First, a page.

But only by a few months. Today is my 50th birthday, and the most reliable “birthday” I can find for FORTRAN is October 15, 1956, the publication date for the FORTRAN Programmer’s Reference Manual (scanned PDF).
I wrote my first program in FORTRAN. To be specific, FORTRAN IV EMU from Eastern Michigan University, running on the IBM 1401 (I think) at Rose-Hulman Institute of Technology. I was at Operation Catapult, a three-week program for high school juniors. Big fun, and I’m glad to see it is still running.
The program was a two-body simulation, with the paths printed in in line-printer graphics. I wonder if I still have a copy of that somewhere in the “closed stacks” at the back of the garage.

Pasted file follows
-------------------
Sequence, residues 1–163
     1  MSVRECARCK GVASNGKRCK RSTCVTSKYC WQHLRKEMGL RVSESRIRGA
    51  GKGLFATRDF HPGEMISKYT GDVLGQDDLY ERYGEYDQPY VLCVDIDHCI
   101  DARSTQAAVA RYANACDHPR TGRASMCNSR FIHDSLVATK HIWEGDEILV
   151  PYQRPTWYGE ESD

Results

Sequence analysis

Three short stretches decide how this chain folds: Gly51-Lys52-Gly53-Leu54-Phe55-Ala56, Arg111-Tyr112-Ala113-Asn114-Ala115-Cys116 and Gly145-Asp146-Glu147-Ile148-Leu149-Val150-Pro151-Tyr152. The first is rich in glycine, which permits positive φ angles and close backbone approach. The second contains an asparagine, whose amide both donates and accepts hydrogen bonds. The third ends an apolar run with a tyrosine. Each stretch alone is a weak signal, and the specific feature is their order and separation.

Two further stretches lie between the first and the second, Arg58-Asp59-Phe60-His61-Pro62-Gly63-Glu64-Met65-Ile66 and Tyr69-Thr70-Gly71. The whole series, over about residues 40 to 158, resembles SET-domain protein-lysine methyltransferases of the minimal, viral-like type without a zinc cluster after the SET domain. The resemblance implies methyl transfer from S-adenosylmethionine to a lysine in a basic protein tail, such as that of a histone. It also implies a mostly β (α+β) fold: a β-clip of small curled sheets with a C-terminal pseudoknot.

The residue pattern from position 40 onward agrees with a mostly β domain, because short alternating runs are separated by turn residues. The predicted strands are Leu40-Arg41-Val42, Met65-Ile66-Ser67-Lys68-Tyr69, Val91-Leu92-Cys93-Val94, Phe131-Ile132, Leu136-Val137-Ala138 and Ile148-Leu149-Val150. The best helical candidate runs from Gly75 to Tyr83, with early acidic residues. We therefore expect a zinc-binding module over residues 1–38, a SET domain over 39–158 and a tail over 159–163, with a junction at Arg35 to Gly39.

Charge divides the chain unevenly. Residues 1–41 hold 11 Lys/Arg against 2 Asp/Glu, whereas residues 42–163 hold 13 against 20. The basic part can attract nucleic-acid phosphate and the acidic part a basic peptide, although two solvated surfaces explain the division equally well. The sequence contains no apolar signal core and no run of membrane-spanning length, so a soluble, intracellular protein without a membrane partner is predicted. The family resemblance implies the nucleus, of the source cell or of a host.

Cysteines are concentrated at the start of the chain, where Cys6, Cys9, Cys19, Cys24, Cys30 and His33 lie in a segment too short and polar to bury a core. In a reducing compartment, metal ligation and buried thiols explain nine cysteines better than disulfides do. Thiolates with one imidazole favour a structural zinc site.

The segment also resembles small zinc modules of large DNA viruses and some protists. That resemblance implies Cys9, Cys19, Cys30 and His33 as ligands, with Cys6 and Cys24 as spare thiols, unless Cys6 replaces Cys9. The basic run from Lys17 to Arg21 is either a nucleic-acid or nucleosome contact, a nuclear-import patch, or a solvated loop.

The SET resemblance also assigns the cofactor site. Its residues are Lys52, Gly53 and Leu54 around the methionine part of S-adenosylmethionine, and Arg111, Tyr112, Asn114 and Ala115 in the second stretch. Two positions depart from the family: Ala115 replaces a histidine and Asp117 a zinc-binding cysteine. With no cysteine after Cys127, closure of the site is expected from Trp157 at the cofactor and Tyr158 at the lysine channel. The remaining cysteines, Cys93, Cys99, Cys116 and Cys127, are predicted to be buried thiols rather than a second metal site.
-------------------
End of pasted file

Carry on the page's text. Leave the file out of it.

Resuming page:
FORTRAN wasn’t my first computer language, that was BNF grammars. I was reading SF in math class because I was being taught logarithms for the third time, and I’d learned them before I was taught them the first time (got a slide rule for Christmas in seventh grade). The teacher noticed and had me stay after to chat. He sympathized, but asked me to at least read a math book during class. So, I found one on computer programming and churned through it over a couple of weeks. I still have a fondness for colon-equals as an assignment op.